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Annique Monet
"Phantom Letters
"
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Some records have the ability to plunge the listener into some kind of alternate reality. Annique Monet's uber-psychedelic debut album 'Phantom Letters' will do that to you. It took a few notes for opening track "Salt, Veruca," (streaming) to hypnotize us with its haunting beginning: a simple electric piano part, whistles, a fake horn section and a droney verse slowly led us towards a celestial chorus, which was quickly fogotten - for good - in favor of a baroque, droney outro. The following track 'Voodoo', a grottesque and dissonant waltz, took us to a really weird (and scary) place: we saw the devil looking at us through the speakers, from Vienna. With a beautiful melody, the first few bars of "Nowhere"  brought back some hope for a return to light, but the song didn't go anywhere - we should have expected it, considering the title. 'Relapse' delivered another waltz - a more subtle one - but filled to the brim with eerie and decadent melancholy. From its plodding intro, Turtlenecks in July resurrected the ghost of The Beatles' psychedelic pop, although sounding nothing like it, while in '52,' Greek mermeids lured us with the most ghostly of lithanies, asking us to join them - and drown. The following two songs on the record kept this beautifully absurd, elusive dream going, with noteworthy track "Unchange" closing the collection.

Although we often praise structure in songwriting (many songs here would benefit from more of it), there's very little structure in a dream - which is what this album is. In a scene that seems to have lost the imagination of its peak years, this is a record that will hopefully inspire other NYC artists to be more daring.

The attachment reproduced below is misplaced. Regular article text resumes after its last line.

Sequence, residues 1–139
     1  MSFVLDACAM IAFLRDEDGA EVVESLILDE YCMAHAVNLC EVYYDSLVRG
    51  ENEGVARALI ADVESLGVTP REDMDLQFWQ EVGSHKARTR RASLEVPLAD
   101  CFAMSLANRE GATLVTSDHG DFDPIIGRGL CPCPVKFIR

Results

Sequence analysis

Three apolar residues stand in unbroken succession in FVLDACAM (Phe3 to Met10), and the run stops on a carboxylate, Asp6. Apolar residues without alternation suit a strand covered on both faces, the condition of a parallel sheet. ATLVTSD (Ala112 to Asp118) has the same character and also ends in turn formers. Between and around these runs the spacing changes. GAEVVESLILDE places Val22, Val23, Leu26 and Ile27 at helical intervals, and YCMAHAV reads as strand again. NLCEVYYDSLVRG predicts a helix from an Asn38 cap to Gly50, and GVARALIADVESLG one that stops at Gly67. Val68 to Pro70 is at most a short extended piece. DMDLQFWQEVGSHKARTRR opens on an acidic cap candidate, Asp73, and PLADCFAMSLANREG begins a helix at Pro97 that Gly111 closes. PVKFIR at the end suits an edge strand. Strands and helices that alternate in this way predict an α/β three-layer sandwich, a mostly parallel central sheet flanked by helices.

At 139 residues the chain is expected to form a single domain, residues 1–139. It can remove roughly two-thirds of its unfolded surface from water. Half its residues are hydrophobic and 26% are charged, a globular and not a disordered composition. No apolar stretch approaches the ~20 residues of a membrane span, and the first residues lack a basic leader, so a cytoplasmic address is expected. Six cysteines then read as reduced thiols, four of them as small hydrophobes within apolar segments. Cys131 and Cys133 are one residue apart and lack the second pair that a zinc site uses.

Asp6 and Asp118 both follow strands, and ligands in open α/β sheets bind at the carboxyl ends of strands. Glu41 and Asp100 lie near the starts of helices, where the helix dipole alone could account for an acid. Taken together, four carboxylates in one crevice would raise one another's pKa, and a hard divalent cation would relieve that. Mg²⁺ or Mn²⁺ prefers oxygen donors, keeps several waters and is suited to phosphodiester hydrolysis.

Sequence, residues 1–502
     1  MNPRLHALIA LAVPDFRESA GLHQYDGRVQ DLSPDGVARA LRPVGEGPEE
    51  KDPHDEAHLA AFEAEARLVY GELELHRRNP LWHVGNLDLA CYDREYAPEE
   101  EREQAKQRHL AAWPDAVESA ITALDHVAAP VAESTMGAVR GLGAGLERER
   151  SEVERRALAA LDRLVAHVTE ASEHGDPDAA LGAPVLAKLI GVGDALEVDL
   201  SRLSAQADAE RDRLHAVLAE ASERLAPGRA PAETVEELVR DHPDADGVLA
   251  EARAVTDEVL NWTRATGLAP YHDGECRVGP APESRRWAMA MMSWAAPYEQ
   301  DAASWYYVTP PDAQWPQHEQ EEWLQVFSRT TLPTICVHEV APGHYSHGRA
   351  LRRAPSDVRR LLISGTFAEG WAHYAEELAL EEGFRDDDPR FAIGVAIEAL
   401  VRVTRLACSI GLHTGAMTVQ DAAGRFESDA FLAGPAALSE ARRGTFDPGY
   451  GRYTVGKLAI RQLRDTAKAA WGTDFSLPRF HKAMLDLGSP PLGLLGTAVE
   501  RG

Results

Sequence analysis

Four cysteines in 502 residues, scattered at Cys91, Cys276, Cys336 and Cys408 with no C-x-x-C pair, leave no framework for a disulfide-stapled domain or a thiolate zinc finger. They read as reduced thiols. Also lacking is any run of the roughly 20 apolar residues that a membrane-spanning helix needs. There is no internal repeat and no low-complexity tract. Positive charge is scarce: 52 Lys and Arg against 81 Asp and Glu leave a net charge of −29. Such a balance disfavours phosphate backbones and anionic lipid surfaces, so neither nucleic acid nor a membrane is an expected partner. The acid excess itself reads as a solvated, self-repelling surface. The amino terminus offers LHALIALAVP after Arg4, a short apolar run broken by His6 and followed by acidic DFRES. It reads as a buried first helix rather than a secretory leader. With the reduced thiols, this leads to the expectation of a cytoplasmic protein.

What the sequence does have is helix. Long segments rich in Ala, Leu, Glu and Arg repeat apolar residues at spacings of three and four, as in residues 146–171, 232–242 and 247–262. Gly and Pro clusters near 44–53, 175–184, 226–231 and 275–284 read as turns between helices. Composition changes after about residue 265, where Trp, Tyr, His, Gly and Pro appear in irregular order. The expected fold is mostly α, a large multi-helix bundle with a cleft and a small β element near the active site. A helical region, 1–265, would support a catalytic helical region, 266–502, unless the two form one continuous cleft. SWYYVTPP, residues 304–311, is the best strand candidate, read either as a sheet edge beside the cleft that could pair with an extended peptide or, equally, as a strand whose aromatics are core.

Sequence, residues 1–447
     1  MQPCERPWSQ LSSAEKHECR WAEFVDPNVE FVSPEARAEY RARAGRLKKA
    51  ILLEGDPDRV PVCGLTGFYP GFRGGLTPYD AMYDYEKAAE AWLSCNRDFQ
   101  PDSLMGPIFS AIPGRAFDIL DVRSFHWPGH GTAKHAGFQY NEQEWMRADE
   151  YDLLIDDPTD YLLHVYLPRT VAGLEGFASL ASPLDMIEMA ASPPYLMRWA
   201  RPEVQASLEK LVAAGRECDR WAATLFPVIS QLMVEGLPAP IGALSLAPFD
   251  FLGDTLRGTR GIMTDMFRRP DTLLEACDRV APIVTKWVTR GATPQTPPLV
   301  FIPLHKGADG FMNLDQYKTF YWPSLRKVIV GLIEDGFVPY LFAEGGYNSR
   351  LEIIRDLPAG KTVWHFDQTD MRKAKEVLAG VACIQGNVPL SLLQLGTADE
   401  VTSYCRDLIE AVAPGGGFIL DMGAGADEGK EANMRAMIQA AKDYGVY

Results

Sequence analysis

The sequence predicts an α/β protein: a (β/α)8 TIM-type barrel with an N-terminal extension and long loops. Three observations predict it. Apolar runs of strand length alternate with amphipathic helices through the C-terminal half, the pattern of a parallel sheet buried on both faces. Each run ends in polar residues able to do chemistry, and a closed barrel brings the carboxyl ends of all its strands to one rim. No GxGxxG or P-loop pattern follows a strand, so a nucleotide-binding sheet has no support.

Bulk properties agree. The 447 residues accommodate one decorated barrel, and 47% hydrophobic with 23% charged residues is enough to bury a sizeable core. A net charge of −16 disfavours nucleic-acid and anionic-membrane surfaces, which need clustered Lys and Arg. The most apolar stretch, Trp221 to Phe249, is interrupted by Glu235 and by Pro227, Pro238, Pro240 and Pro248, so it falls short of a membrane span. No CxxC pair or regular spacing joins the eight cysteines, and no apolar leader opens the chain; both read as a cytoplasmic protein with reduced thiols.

The 60's

Band of Gypsys

Bob Dylan

Bruce Haack

The Fugs

The Godz

Holy Modal Rounders

Velvet Underground
The 70's
Television
Patti Smith
The New York Dolls

The Ramones

The Talking Heads
Richard Hell
The Dead Boys
Blondie
Suicide
Lydia Lunch
DNA  
Mars
The Contortions  
The 80's
Afrika Bambaataa
Arto Lindsay
Bad Brains
Beastie Boys
Bruce Springsteen
The Feelies
The Fleshtones
Grandmaster Melle Mel
John Zorn
Laurie Anderson
Public Enemy
Run D.M.C.
Sonic Youth
Swans
They Might Be Giants
The 90's
A Tribe Called Quest
Cat Power

Jeff Buckley

The Magnetic Fields
Nas
The Notorious B.I.G.
Soul Coughing
Yo La Tengo
The 00's
The Strokes
Interpol
TV on The Radio
Fiery Furnaces
Yeah Yeah Yeahs
The Bravery
Animal Collective
Bright Eyes
Devendra Banhart
Moldy Peaches
Le Tigre
Liars
Blonde Redhead
Grizzly Bear
 

Welcome to the new Deli Charts, organized by genre and scene.

To rank the artists with the star system go to the Top 50.


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scene blog

Fronted by the three eclectic Rauch-Sasseen sisters, Brooklyn/New Jersey band Hey Anna bring unabashed ear candy to the NYC scene. Sporting God Help the Girl-like vocals, quirky synths, and delicious lyrics, singles like "By the Bay" remind that life's many pleasures are still small and accessible. The band has a new EP in the works, and will be playing Baby's All Right on July 9th. - Jillian Dooley

June 30, 2015
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With their debut, self titled LP, The Gradients have already forged a very strong sonic identity, one which can't be easily labeled. The record takes us back to the days when XTC was still little more than a punk band (1979 circa), but already displayed all the talent in place to become what it became: one of the edgiest pop bands of all times. Like the British duo, The Gradients feature dual vocals (bassist Charlie DY and guitarist Luca Balser) with contrasting tones, and a songwriting attitude that privileges clever song developments, melodies and instrumental parts over familiar ones. Their album's incredible consistency is the most promising asset here, which bodes well for their future; whatever alchemy they have in place right now should be nurtured and cherished. The band will be kicking off their first US tour at Palisades on July 3rd - dates here. They will be joined by Brooklyn freak folk band The Cradle - another interesting group we'll be blogging about soon.

We added this song to The Deli's playlist of Best songs by emerging NYC artists - check it out!

June 30, 2015